In this first message of the new decade I had intended to write about our accomplishments at DHS for 2009. The list is long and impressive -- a lot of great work was done in '09 and I'll be talking more about that next week.
This week, though, I want to address something that is weighing heavily on my mind and, I know, the minds of everyone who works for child safety in our state. That is the murder of Jeannette Maples in Lane County last month. Over the past few weeks there has been intense internal and public scrutiny of this case, as there should be. Much of the response has raised the question of what the community and the child welfare system should have done differently in order to prevent this death.
Any child death is unacceptable and we must do all that we can to ensure that this does not happen again. Children count on their parents to keep them safe. When their parents instead are the cause of violence and abuse, their safety is the responsibility of us all.
The day after the event, I called for a comprehensive review of the circumstances surrounding this incident so that we can fully understand what happened, fix problems identified and be held publicly accountable for both the review and the remedy. To help answer the question of what could have been done differently, I launched the Critical Incident Review Team (CIRT).
The team includes child welfare executive staff, the Department of Justice and the law enforcement involved in the case. The team looks at the case files, conducts face-to-face interviews with involved staff members, and publicizes a report of each interaction with DHS and whether policy was followed to keep children safe. When mistakes are made, we acknowledge them. Appropriate action is then taken to address any system or human performance issue identified.
I know of no other state that does such immediate, comprehensive and public reviews of its actions when there is a critical incident. Since the process was created, we have continually improved it to make it faster, more thorough, and more understandable to the public.
A comprehensive and transparent review is very important as we strive to reach the goals of protecting all children. But that's not enough. We must take what we learn, take all appropriate actions, and make every improvement necessary to prevent these tragedies in the future. I know that CAF director Erinn Kelly-Siel joins me in that commitment.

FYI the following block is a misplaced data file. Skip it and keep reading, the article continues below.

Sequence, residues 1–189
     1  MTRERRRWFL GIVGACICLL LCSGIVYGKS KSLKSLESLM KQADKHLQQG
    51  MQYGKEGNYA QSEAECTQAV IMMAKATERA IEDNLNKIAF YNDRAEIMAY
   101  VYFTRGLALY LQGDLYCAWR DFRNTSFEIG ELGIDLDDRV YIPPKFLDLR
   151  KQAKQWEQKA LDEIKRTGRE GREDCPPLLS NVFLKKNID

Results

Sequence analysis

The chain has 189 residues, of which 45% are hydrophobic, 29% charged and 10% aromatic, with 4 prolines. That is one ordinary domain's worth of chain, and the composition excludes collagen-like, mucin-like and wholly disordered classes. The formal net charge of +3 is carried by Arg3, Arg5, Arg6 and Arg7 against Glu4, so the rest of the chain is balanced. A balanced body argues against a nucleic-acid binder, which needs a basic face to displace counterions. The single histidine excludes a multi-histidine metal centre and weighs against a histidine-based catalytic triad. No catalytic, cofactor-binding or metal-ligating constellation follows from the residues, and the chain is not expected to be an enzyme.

I have often said that the work we do is so important, we have to be the best. I know that the child welfare staff shares that belief. I also know and have great empathy for the fact that the visceral outrage we civilians feel when we read reports of child abuse is something they have had to learn to live with as a part of their work. While we may feel shocked by one headline, they are living story after story of the worst crimes people can commit against children. The caring and love they show these children never makes headlines, but it does make a difference and I know that every bad outcome sends shockwaves through our branches.
Additionally, I take seriously the responsibility that the rest of DHS has for these families to prevent them -- whenever possible -- from going into crisis in the first place. How different many of those stories would turn out if we could better address the root causes of child abuse. Many tragedies would be prevented if parents were able to get mental health treatment or if domestic violence between adults could be stopped before it starts.
The state is not, of course, the only entity in the lives of the families we serve. By the time they reach us there may have been dozens of other ways they could have been helped. But we do have an awesome responsibility and by asking hard questions we can continue to do our jobs better, help more people, and stop as much heartbreak as possible.